Land tenure conflicts also occur in the rest of the nation, especially spontaneous settlements and land takeovers.  Conflicts are expected to continue during attempts to implement the new government policy.  For example, in compliance with stated government policy, the Morales administration ordered security forces to evict squatters in four different settlements outside the highland city of Oruro on June 9.  Security forces are suspected to have shot and killed one man and wounded at least six others, highlighting the need for more stringent human rights controls.[xxi] 

The implementation of an effective land reform initiative could be plagued with conflict and impediments. Yet, it is crucial to seek peaceful and enduring solutions and government guarantees for legal redistribution. While threats of violence are not unusual in land disputes, compromise and peaceful resolution have been more common than violence. In appointing Hugo Salvatierra as Rural Development Minister, Morales has shown the political will to carry out the agrarian reform by choosing this tough negotiator with years of experience of working with indigenous organizations. A native of Santa Cruz, Salvatierra is has a strong record of commitment to land reform favorable to indigenous peoples and the poor.  Other appointees within the ministry are also committed and more capable than those of previous administrations.  

Conclusion

International support for land reform efforts can help guarantee equitable and successful initiatives to improve the economic situation of many of Bolivia’s poor and peacefully resolve longstanding historical conflicts.  More than $100 million of international aid will be needed to carryout an agrarian reform process that is demonstrably fair, while meeting the needs of indigenous peoples and the rural landless.  

· The United States and European governments, as well as international agencies, should support agrarian reform in Bolivia, as they have done in the past.  Bolivia should not be forced to turn only to Venezuela for support of a reform process which is critical to future economic and social stability.[xxii] 

Douglas Hertzler is an anthropologist who has worked periodically in the Bolivian lowland region of Santa Cruz since 1988. He is a member of the Andean Information Network Board of Directors.

 Andean Information Network Director Kathryn Ledebur and AIN research assistant Wes Enzinna also contributed to this report.

 

[i]"Venezuela prestará 100 millones de dólares a Bolivia para repartir tierras." El Deber, 19 May 2006.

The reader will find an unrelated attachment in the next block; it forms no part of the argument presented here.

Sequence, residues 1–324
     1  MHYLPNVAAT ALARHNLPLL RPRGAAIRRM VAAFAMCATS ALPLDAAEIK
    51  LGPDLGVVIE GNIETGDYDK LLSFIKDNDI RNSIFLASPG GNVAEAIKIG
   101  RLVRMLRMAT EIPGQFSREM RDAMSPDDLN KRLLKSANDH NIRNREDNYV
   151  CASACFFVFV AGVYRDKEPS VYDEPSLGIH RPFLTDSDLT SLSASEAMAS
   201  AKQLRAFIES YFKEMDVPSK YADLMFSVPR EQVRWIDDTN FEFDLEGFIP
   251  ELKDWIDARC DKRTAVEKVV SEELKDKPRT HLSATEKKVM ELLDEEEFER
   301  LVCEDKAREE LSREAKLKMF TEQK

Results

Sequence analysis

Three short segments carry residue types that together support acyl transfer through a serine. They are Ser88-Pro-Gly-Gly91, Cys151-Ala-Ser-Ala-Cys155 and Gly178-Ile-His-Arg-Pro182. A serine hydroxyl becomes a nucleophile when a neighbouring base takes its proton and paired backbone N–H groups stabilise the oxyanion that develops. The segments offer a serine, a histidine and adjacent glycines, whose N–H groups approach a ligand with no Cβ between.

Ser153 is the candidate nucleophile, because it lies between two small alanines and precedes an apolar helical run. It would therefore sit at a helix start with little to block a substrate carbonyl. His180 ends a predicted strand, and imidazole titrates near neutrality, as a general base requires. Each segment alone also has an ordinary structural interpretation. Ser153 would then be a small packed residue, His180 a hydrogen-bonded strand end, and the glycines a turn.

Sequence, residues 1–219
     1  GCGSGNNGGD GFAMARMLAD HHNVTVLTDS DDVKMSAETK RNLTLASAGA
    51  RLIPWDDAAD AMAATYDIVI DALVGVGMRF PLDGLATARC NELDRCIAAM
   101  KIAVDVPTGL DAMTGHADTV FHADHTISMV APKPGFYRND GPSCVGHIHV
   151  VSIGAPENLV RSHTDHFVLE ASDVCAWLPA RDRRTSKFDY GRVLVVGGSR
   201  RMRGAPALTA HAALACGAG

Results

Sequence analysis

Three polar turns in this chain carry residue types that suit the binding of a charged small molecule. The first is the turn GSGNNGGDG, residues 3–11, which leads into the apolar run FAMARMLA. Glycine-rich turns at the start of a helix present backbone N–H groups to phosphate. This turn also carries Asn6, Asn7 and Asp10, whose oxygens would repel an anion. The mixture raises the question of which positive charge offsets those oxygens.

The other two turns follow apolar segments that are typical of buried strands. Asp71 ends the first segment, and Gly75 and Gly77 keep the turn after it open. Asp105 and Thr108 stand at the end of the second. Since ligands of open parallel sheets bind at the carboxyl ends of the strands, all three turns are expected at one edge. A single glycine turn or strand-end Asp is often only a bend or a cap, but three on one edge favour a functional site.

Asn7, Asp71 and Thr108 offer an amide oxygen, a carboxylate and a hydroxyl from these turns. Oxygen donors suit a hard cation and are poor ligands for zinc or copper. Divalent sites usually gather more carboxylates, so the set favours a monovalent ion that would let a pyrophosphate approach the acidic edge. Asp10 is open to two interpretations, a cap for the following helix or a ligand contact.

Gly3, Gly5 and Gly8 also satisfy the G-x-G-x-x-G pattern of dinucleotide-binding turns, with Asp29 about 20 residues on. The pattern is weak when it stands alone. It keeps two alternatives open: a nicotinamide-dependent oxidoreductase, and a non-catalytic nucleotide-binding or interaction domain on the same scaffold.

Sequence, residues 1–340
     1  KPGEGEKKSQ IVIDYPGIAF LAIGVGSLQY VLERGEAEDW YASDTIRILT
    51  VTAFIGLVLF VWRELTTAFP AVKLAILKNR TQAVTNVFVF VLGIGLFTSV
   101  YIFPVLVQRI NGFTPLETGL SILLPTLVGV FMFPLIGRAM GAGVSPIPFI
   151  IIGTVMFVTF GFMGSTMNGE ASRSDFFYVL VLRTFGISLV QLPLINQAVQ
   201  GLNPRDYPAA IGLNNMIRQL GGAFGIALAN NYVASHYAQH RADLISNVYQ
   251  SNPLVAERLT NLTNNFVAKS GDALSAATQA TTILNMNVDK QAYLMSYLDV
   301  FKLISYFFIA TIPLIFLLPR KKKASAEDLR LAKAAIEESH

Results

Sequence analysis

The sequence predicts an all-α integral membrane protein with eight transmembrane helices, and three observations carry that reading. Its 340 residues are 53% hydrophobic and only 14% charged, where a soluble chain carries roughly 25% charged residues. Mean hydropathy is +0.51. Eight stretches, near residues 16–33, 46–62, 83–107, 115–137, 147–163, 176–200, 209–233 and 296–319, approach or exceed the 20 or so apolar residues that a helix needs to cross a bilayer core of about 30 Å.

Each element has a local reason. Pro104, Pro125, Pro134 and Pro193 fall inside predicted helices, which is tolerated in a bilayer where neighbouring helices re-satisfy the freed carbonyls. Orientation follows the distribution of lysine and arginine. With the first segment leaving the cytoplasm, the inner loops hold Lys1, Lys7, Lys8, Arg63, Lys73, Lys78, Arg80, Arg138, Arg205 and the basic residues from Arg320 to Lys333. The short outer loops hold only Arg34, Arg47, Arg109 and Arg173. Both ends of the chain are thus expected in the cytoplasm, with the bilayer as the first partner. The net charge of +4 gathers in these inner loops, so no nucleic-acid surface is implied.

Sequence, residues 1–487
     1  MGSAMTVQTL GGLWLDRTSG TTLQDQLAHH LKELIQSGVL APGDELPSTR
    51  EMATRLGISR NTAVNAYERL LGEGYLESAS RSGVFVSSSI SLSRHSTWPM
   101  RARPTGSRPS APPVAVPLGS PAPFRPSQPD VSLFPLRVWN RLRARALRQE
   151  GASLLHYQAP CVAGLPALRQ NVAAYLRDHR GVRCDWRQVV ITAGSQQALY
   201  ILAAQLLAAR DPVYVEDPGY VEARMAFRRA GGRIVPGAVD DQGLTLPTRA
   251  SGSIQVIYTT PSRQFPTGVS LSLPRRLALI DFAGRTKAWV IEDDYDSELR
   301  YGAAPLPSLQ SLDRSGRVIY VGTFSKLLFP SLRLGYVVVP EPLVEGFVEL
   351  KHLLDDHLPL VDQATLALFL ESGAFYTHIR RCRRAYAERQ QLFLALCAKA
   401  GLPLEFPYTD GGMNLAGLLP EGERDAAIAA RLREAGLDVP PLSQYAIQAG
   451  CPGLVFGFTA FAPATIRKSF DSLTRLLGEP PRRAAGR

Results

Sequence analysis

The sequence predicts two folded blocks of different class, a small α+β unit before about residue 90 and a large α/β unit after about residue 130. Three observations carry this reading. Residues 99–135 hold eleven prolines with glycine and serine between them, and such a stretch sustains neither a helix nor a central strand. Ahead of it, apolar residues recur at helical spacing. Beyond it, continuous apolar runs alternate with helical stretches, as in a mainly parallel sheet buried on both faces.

[ii] Morales is a peasant union leader of Aymara descent and the founder of the MAS (Movimiento Al Socialismo). As candidate for the MAS, he was the first president to win an absolute majority in a Bolivian Presidential election since Bolivia returned to democracy in 1982.

 [iii] Monte Reel "Bolivia Plans to Redistribute Idle Farmland." Washington Post Foreign Service,  18 May 2006; A20

 [iv] Gonzalo Sanchez de Lozada of the Movimiento Nacional Revolucionario, was chosen as president twice at the head of coalition governments formed in 1993 and 2002.

 [v] Decreto Supremo 28736. República de Bolivia, 2 June 2006.

 [vi] Decreto Supremo 28734. República de Bolivia, 2 June 2006.

 [vii] Decreto Supremo 28737. República de Bolivia, 2 June 2006.

[viii]According to the Santa Cruz Nacional Agrarian Reform Institute (INRA), at least  20 million hectares of land is owned by approximately 3,500 people. "Propuesta para acabar con ‘latifundio ocioso’ encuentra apoyo político."  El Diario, 22 May 2006.

 [ix] "Costas Plantea desconcentrar el INRA y crear un Banco de Tierras," La Prensa, 24 May 2006.

 [x] Paz Estensorro was the founder of the Movimiento Revolucionario Nacional (MNR) party.

 [xi]Paz Zamora of the Movimiento Izquierdista Revolucionario (MIR) party was President during the center-right Patriotic Accord coalition government that he formed with his former political enemy General Hugo Banzer.

 [xii] The Sanchez de Lozada government was dominated by his MNR party, but included some center-left coalition partners such as the Movimiento Bolivia Libre (MBL) which pushed for the agrarian reform law and a process to resolve the question of indigenous territories.

 [xiii]  Ley No. 1715, INRA, Análisis de, Manuel Morales Davila, La Paz: UPS, 2005, p. 59

 [xiv]  "Función Económica Social," La Prensa,  17 May 2006, p.6

 [xv] This refers to both of the Sanchez de Lozada governments of 1993 and 2002, and the 1997 coalition government in between that was headed by former dictator Hugo Banzer of the right wing Acción Democratica Nacional party. After his death from cancer, Banzer was succeeded by Vice-President Jorge Quiroga, who is now the leader of the opposition PODEMOS coalition.

 [xvi] ABI: Distribución – Tierra, ABI C3038 20:45:22 05-06-2006, 1-N

[xvii]"Agro del oriente crea Comités de Defensa y amenaza con violencia." Los Tiempos, 31 May 2006.

 [xviii]  Ibid.

 [xix] Ferreira, Reymi.  "Las Logias en Santa Cruz." Santa Cruz: Fondo de Ediciones Municipales, 1994.

 [xx] "Ayoreos y los Sin Tierra Enfrentan a Balazos." El Deber, 8 June 2006.

 [xxi]"Excessive Use of Force in Pampa Ajata and the Death of Santiago Orocondo."  Andean Information Network, 22 June 2006.

 [xxii]"Venezuela prestará 100 millones de dólares a Bolivia para repartir tierras." El Deber, 19 May 2006.